> zone->lock induced damage happens. Presumably it's inside
> free_pcppages_bulk() - at least that's where I have faint bad memories
> from 15+ years ago. Aside of that I seriously doubt that it can be made
> work within a reasonable time frame.

I was not considering any approach other than return NULL just before
the code would otherwise have acquired zone->lock.

> But what makes me really unhappy is that my defense line against
> allocations from truly atomic contexts (from RT POV) which was enforced
> on RT gets a real big gap shot into it.

Understood, and agreed:  We do need to keep the RT degradation in check.

> It becomes pretty hard to argue why atomic allocations via kmalloc() or
> kmem_cache_alloc() should be treated any different. Technically they can
> work similar to the page allocations up to the point where regular
> spinlocks come into play or the slab cache is exhausted. Where to draw
> the line?
> 
> It's also unclear for the page allocator case whether we can and should
> stick a limit on the number of pages and/or the pageorder.
> 
> Myself and others spent a considerable amount of time to kill off these
> kind of allocations from various interesting places including the guts
> of send IPI, the affinity setting path and others where people just
> slapped allocations into them because the stack checker warned or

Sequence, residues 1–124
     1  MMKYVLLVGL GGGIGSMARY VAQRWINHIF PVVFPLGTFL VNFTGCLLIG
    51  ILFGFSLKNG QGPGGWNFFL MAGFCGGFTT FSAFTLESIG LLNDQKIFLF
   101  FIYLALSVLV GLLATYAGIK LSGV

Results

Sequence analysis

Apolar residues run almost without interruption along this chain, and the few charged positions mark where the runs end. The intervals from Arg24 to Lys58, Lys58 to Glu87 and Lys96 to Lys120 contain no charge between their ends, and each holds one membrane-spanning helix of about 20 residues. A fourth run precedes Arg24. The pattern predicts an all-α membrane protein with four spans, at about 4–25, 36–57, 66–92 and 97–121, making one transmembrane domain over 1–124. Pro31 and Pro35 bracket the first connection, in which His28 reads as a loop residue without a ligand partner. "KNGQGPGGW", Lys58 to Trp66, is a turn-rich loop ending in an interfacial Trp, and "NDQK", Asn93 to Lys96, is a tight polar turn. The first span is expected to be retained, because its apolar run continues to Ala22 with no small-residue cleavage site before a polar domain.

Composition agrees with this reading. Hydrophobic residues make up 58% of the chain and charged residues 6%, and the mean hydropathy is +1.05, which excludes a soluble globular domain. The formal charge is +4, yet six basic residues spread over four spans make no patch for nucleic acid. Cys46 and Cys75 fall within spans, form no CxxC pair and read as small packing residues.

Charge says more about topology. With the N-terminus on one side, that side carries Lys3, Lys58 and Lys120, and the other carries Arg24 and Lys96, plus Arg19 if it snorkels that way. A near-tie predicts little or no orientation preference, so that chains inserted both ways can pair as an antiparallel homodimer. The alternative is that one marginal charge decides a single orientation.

> because they happened to copy the code from some other place.
> 
> RT was pretty much a quick crap detector whenever new incarnations of
> this got added and to some extent continuous education about these
> issues made them less prominent over the years. Using atomic allocations
> should always have a real good rationale, not only in the cases where
> they collide with RT.
> 
> I can understand your rationale and what you are trying to solve. So, if
> we can actually have a distinct GFP variant:
> 
>   GFP_I_ABSOLUTELY_HAVE_TO_DO_THAT_AND_I_KNOW_IT_CAN_FAIL_EARLY
> 
> which is easy to grep for then having the page allocator go down to the
> point where zone lock gets involved is not the end of the world for
> RT in theory - unless that damned reality tells otherwise. :)

I have no objection to an otherwise objectionable name in this particular
case.  After all, we now have 100 characters per line, right?  ;-)

> The page allocator allocations should also have a limit on the number of
> pages and eventually also page order (need to stare at the code or let
> Michal educate me that the order does not matter).

Understood.  I confess that I have but little understanding of that code.

> To make it consistent the same GFP_ variant should allow the slab
> allocator go to the point where the slab cache is exhausted.

Why not wait until someone has an extremely good reason for needing
this functionality from the slab allocators?  After all, leaving out
the slab allocators would provide a more robust defense line.  Yes,
consistent APIs are very good things as a general rule, but maybe this
situation is one of the exceptions to that rule.

> Having a distinct and clearly defined GFP_ variant is really key to
> chase down offenders and to make reviewers double check upfront why this
> is absolutely required.

Checks for that GFP_ variant could be added to automation, though reality
might eventually prove that to be a mixed blessing.

							Thanx, Paul